In this same position, ensure your heels are on the floor and the legs completely straight. Now, you see the part where the top of the book comes in contact with the wall, draw a line there.  Now, that distance from the wall all the way to the floor in the inseam length.

Your correct seat height is 109 percent of that length. Here you need to measure the distance that is right from the top of your seat all the way to the lower pedal axle. When doing this, you need to ensure the crank aligns so well with the seat tube and the seat post, as well.


Named after a very successful American cyclist, this method is also widely used by professional riders. It also touches on the inseam length. However, unlike the 109 percent method, this one measures the most suitable seat height based on 88.3 percent of your inseam length. Here, the seat height is mostly measured right from the top of your seat all the way to the bottom bracket.


Last but not least is the Holmes method. It is one of the trickiest and typically meant for serious bikes only. This method is completely different from what we have seen in this article. Ideally, before you could actually pull it off, you will need to have a goniometer. It is a sort of device that can help you get the right measurement of the angle of your knee joint right at the bottom of pedal rotation. In this case, a 25 to 35 degree comes highly recommended. The use of a device to find the right angle can be a huge turn off for most people. However, if you don’t want to put your money a goniometer, the other three methods can truly come in handy.

What To Keep In Mind When Adjusting Your Seat Height

After realizing the seat comes with incorrect height and doesn’t match your riding needs, obviously, you will have to make a few adjustments. However, when you are doing it, you need to consider your comfort the most. Here are some of the few things you need tri to consider when adjusting the height.

Measure the inseam

The inseam has some direct impact on your mountain bike’s seat height. Because of this very reason, you need to focus so much on the height of your inseam. You need to have its measurement. You can seek help from a friend when you are taking the measurement and once you have it as we mentioned in the 109% method, you can have the seat height 1.09 times as that of the seam.

Use dropper seat post

Most riders often forget to use the dropper seat post when making adjustments. The dropper seat post does not only come with plenty of benefits when we are racing but also in our day to day life. Putting the dropper post into good use can make your bike extremely comfortable to ride on.

Always insert below the level

When you take out the seat from the seat post, you will see some markings right on the lever of your seat. These markings are incredibly useful; they show you the rider’s height level at a given time. You can take note of these great markings when making an adjustment. Word of caution though; make sure you don’t insert the seat into the post all the way below the insertion level.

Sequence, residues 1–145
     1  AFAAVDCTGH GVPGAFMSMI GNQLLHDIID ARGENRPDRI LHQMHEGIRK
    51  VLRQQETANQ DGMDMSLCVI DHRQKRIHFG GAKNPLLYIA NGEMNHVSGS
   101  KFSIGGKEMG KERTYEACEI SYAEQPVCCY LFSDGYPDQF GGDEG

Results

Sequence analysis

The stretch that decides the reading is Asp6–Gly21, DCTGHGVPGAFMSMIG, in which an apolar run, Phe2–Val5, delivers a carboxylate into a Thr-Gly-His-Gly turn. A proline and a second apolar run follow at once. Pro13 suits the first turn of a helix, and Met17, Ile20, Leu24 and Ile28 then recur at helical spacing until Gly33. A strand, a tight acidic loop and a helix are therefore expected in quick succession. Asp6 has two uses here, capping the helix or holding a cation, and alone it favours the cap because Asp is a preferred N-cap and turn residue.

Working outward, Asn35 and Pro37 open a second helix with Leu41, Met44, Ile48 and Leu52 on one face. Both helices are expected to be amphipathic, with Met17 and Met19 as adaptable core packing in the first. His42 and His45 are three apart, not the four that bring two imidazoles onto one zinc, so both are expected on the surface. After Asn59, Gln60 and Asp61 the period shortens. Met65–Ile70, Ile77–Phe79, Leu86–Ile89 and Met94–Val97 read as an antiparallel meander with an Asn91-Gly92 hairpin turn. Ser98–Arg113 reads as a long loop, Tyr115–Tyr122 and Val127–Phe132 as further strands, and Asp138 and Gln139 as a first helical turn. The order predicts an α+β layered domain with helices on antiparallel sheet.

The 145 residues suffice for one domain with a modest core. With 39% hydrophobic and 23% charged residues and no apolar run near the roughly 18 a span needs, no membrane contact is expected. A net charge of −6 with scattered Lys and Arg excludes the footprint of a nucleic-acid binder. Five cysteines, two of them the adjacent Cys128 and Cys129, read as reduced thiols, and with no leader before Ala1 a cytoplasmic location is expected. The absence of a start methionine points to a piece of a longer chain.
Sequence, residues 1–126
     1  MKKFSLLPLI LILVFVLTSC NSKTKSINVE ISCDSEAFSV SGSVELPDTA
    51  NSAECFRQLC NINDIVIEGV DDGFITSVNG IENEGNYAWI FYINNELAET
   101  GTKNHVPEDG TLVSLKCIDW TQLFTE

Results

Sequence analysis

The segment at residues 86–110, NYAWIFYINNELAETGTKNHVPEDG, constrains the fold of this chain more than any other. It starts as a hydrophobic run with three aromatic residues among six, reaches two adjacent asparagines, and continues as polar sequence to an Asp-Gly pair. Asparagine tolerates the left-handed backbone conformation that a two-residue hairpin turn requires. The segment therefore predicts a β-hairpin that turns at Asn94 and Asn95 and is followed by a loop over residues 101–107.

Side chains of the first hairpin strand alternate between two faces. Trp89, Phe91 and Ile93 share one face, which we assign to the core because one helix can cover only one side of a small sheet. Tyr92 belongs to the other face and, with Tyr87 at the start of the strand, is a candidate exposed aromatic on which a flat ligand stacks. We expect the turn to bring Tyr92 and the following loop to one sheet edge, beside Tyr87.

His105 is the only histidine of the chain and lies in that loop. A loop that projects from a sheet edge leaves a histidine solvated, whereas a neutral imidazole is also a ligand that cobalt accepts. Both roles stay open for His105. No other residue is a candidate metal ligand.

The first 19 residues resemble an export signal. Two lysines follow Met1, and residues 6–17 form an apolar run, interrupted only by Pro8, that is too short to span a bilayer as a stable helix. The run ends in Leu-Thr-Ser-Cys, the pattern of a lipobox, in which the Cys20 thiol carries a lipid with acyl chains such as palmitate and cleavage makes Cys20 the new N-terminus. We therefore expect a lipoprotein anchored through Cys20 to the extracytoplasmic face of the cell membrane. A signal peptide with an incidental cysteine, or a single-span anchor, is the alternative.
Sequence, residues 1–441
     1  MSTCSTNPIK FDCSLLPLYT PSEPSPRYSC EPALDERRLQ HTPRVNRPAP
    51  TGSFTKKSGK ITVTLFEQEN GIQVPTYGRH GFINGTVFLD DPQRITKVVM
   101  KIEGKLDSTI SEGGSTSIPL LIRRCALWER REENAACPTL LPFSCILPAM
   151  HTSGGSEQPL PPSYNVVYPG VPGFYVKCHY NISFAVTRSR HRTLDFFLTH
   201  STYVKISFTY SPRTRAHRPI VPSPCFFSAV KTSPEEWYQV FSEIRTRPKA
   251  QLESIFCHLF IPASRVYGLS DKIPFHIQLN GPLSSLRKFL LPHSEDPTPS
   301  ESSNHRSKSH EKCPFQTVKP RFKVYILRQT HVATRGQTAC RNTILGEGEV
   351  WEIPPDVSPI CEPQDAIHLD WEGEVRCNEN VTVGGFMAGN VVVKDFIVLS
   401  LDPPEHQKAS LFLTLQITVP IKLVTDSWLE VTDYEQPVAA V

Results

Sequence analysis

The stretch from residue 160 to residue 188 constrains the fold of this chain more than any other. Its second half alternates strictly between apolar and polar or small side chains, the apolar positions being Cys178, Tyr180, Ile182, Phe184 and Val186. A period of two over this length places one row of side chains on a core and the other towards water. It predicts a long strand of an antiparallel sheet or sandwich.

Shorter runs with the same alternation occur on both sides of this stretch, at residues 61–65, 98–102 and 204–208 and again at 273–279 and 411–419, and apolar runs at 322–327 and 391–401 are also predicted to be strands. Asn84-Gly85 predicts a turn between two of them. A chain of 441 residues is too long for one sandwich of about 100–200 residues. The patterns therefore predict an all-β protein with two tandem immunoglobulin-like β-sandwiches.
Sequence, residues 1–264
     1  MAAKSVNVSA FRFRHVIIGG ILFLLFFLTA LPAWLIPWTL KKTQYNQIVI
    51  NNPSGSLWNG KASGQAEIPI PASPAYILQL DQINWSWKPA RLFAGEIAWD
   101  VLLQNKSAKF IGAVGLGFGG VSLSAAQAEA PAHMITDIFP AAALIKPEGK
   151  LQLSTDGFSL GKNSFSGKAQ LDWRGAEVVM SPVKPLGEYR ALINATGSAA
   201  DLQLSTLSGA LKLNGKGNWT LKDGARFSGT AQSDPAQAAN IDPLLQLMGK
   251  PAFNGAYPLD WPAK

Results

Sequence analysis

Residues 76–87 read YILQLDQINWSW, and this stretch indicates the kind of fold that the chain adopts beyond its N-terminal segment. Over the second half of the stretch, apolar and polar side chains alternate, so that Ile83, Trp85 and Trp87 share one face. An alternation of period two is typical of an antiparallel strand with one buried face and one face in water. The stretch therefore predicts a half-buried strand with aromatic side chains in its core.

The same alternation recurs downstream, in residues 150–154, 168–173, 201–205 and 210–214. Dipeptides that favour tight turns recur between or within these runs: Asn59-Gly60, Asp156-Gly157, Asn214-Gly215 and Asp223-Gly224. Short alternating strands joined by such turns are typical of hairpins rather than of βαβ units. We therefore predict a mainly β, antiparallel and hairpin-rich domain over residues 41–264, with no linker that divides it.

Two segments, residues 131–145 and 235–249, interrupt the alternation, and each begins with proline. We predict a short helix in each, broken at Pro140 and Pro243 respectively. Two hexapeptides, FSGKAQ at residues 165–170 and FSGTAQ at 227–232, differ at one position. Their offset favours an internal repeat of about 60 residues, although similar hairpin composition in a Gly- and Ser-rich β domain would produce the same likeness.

Know how the dropper seat post adjust

Before you could make those few adjustments, it is important to first know how your seat post can be adjusted. All seat posts we have in the market today can be loosened and adjusted right the exact place where the seat post meets the frame. You will find there is a quick release lever right at the base of your seat post. You can actually try to open it and make any adjustments using your hands. In other cases, if you notice there is a sort of a small bracket alongside a screw, here your seat post is bolted and you might want to loosen the bolts with the use of an adjustable wrench. It is as simple as that.

Your seat must always be far enough forwards

When making your seat adjustments, if you are looking for great level of comfort, there is this one thing you need to always remember. The seat must always be far forward. In this case, we are saying you should be able to reach your handlebar with so much ease. Plus, your knee must be over the pedal when your foot is at around 3:00 in the pedal position. One of the best ways you can tell if you have everything right is standing when you ride. Here, you should be able to stand without having to pull or even push on the handlebars.

Your posture

When making those few adjustments on the seat, you need to take your posture into great consideration. This is important for many at times, the seat height directly influences your posture and also the amount of comfort you are going to get when riding

Final Thoughts

So if you are getting started as a mountain biker or you have had to deal with seat height issues in the past, you now know what you need to do. It is important you have the seat adjusted to provide that perfect fit before you take those long rides into the woods. After all, who would want to have a very uncomfortable ride, especially when dealing with those very technical terrains up in the mountain?

Updated on December 22, 2022 by Ben